Last Monday afternoon, John Garcia, a dapper, 40-year-old local businessman, managed to steal the show from the entire Long Beach Symphony Orchestra, its massive deficit and its staunch supporters.
It was bleak and rainy outside the Port of Long Beach board room where the symphony task force was conducting hearings to decide the once-renowned orchestra's fate. And it was tense and gloomy inside, as speaker after speaker was grilled by task force members about how the symphony association possibly could have run up such a large debt in so short a time.
Then it was Garcia's turn to speak: "I am going to raise $25,000 in one weekend for the performing arts in Long Beach," he said.
Garcia owns Ripples, a beachfront bar and discotheque that he describes as "not your typical gay bar." Garcia plans three days of talent showcases and art shows to be held at Ripples over the Valentine's Day weekend to benefit the performing arts in Long Beach.
'Need More Input'
"I see a great need for the performing arts in Long Beach," Garcia told the task force. "It's equally as important as our financial district, federal building and the like. But they need more input from the gay community."
Garcia's announcement took the grim group by surprise. Not only was the offer a generous one, but one of the symphony's main complaints has been that local businesses and corporations have virtually ignored the arts here, adding to their financial difficulties.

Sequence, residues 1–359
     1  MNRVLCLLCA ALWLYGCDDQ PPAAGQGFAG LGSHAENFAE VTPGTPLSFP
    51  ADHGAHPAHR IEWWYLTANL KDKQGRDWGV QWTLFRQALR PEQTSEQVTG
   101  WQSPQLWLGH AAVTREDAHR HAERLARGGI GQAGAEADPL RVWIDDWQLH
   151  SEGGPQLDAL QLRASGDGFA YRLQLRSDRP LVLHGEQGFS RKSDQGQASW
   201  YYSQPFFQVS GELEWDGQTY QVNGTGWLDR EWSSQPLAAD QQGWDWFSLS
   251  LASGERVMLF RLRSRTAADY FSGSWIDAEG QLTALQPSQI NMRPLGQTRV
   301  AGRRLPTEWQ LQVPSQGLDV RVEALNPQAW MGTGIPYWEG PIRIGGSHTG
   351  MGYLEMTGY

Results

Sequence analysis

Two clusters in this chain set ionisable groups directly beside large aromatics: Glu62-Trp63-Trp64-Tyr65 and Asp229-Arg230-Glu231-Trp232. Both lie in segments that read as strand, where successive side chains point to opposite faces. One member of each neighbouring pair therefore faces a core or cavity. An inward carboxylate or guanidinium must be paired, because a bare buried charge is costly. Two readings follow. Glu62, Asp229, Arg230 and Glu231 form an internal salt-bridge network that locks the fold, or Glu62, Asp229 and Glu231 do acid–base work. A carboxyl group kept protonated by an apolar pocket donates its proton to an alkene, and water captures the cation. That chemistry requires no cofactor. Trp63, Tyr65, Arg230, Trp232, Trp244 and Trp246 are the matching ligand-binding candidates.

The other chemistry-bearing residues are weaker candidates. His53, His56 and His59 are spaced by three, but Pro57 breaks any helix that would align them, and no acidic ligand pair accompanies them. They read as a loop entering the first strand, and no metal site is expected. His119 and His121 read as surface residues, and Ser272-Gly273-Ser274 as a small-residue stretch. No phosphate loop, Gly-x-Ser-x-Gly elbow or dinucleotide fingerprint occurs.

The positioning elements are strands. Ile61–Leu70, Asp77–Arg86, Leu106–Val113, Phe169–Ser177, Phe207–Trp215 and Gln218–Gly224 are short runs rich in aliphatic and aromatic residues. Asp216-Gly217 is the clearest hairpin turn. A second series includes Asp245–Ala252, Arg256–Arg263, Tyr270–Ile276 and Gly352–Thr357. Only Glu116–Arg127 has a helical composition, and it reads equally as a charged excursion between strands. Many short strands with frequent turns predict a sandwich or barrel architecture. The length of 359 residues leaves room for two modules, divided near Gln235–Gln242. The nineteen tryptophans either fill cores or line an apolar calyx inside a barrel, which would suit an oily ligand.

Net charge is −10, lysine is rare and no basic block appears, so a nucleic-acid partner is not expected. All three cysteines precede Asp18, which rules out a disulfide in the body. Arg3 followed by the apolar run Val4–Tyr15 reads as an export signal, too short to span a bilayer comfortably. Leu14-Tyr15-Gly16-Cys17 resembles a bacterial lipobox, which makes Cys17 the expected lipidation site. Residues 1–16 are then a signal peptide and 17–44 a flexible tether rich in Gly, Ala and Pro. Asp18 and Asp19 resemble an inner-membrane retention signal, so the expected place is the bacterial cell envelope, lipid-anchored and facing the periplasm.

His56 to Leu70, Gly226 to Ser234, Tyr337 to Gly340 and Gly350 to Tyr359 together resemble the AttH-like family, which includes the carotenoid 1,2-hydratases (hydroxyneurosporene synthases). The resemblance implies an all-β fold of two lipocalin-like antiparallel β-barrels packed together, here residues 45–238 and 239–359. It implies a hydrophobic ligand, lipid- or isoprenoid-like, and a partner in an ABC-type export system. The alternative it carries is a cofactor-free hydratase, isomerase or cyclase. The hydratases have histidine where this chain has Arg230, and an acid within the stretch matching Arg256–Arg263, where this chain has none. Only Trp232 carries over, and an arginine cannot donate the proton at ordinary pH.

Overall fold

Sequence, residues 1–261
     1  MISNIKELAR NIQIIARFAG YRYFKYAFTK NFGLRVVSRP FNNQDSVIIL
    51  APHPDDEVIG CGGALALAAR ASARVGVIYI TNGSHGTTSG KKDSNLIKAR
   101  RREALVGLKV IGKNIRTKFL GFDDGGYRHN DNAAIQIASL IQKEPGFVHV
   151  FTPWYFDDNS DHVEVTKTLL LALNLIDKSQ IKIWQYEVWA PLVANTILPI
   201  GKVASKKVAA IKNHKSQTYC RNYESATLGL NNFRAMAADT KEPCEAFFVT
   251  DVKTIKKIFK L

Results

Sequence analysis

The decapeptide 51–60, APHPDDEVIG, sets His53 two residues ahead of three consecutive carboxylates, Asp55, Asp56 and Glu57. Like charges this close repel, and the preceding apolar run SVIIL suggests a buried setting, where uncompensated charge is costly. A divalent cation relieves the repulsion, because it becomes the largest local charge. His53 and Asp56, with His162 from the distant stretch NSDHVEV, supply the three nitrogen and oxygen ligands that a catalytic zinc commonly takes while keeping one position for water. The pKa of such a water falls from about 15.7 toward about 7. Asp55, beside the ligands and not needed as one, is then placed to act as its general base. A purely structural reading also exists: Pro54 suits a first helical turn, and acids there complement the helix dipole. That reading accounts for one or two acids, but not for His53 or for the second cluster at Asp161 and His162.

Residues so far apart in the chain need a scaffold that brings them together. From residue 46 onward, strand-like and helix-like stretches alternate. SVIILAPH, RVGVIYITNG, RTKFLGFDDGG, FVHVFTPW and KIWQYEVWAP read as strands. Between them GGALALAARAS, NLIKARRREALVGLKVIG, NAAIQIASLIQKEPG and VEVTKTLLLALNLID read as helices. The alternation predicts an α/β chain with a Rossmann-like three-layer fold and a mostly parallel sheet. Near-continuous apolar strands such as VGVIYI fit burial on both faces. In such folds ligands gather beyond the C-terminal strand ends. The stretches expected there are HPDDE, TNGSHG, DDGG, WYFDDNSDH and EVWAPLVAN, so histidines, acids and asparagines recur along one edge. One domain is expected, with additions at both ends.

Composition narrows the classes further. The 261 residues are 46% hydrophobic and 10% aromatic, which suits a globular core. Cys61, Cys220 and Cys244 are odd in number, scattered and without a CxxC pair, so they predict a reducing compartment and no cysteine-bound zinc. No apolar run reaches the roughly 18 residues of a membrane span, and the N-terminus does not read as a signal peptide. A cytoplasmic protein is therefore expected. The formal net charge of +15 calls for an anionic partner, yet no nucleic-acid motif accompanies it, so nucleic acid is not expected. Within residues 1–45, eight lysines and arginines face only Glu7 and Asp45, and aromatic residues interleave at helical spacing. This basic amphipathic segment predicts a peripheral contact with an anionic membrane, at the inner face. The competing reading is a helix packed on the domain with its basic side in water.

Garcia calls the benefit "Have a Heart for the Arts," and he has already taken out advertising for the function in "DATA-BOY," an entertainment magazine serving the California and Nevada gay community. The ad features line drawings of a dignified conductor and the Ripples logo--a Tom Selleck-esque merman complete with fins.
Garcia plans to sell 450 memberships in the Ripples Row 14 Club, which, for a $50 donation, entitles members to buy two tickets for the price of one to Civic Light Opera performances, he said.
"This will get the gay community in there to support our arts in Long Beach," Garcia said in an interview. "I'm really trying to educate the gay community here."
Garcia, who has lived in this city for 23 years and run Ripples for 10 of its 12 years, is no newcomer to civic duty. In addition to his work for the arts, his Ripples-based benefits have raised money for local AIDS programs, collected toys for needy children at Christmas and collected canned goods for senior citizens during the holidays.